Course Hero. "The Year of Magical Thinking Study Guide." Course Hero. 18 Jan. 2018. Web. 13 Aug. 2020. <https://www.coursehero.com/lit/The-Year-of-Magical-Thinking/>.
Course Hero. (2018, January 18). The Year of Magical Thinking Study Guide. In Course Hero. Retrieved August 13, 2020, from https://www.coursehero.com/lit/The-Year-of-Magical-Thinking/
(Course Hero, 2018)
Course Hero. "The Year of Magical Thinking Study Guide." January 18, 2018. Accessed August 13, 2020. https://www.coursehero.com/lit/The-Year-of-Magical-Thinking/.
Course Hero, "The Year of Magical Thinking Study Guide," January 18, 2018, accessed August 13, 2020, https://www.coursehero.com/lit/The-Year-of-Magical-Thinking/.
When Quintana woke up, she said her memories were "mudgy," meaning she could not clearly remember certain details. Didion also feels "mudgy" about some days, although other days—the ones when Quintana was improving—are very clear. Still, Didion argued with the medical staff and questioned their decisions, sometimes for no reason at all.
Didion learned the stories of other patients in the neuro unit. She connects those stories to memories she has of others who died suddenly, such as a neighbor whose death in 1987 inspired her to accede to Dunne's request to move back to New York. If the family had stayed in Los Angeles, she pondered, would Dunne and Quintana still be all right? Didion arranged a medical evacuation flight so Quintana could return to New York for her rehab. On the flight she remembered Dunne accusing her of the need to always be right. In the context of editing his final book and being responsible for his words, the need to be "right" is especially complicated.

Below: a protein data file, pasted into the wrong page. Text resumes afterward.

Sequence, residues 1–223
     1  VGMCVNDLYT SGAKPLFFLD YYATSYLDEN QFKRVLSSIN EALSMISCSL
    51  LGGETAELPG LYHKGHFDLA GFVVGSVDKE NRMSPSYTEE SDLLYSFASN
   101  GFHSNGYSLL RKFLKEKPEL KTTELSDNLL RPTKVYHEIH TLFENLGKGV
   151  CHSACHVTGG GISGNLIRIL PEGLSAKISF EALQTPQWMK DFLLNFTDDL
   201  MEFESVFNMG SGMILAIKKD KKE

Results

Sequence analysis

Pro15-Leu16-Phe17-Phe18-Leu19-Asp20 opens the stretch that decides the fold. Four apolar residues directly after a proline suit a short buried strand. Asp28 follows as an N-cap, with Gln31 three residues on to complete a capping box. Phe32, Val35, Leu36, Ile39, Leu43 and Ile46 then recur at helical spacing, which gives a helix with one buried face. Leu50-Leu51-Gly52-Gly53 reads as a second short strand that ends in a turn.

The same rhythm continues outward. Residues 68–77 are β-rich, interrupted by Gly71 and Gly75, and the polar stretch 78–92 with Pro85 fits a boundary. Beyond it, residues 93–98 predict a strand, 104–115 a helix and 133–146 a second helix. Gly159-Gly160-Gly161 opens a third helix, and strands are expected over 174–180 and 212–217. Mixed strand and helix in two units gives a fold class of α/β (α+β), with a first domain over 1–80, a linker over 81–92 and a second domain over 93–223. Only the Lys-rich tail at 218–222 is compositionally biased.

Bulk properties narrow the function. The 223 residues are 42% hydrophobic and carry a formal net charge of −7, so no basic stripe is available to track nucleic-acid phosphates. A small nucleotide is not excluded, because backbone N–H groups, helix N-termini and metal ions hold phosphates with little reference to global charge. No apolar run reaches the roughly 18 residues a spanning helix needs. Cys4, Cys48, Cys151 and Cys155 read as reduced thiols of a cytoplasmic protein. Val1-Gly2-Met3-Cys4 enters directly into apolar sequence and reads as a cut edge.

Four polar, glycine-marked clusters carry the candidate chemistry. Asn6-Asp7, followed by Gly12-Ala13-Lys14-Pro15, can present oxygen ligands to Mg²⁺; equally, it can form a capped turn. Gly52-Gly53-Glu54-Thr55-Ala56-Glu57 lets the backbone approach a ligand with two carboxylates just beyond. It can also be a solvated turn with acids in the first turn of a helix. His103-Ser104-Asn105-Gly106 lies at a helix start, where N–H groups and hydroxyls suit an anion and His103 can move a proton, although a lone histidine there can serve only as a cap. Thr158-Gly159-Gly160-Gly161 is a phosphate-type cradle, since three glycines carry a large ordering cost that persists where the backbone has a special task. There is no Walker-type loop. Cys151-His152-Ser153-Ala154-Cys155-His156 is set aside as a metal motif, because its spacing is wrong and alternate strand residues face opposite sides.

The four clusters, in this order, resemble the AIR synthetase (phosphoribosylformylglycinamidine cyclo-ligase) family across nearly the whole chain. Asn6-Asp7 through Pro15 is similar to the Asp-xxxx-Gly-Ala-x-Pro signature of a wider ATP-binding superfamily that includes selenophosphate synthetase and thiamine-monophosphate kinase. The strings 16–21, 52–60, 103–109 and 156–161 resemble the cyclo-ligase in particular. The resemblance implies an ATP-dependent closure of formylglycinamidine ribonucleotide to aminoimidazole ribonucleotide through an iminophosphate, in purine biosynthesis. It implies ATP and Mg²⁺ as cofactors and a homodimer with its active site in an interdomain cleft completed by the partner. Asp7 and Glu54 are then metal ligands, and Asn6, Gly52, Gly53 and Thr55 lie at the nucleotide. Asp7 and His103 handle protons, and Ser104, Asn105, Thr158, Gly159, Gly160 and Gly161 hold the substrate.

Didion seizes on Quintana's word "mudgy." Notice Quintana later corrects the word, making it "smudgy," but Didion continues to use "mudgy." "Mudgy" is uniquely descriptive. Quintana is "mudgy" because of her brain injury. Her brain literally doesn't work the same way it did, and she must struggle to pull her thoughts and memories together. Didion's own "mudginess" is the result of intense emotional stress. For a person who prides herself on clarity and being a "cool customer," feeling "mudgy" must be intensely irritating.
Magical thinking makes another appearance in this chapter, as Didion wonders whether moving back to New York caused Dunne's and Quintana's health problems. She knows it didn't, but she can't help wondering. It's human nature to look for cause and effect, even between things with no logical cause-and-effect relationship.
Didion brings up an accusation Dunne often made against her: "Why do you always have to be right." Didion could certainly be perceived this way. She second-guesses Quintana's doctors and insists on getting Quintana back to New York. Her desire for precise language must look like a need to be right. In fact, inside Didion's head (or inside the part of her head she shares with the reader), she seems very unsure of herself. She is scared and searching for control as a way to feel safe. It's not hard to imagine Dunne interpreting her attitude as a desire to be right, to not be able to let things go. Now, after he's gone, she tries to heed his advice.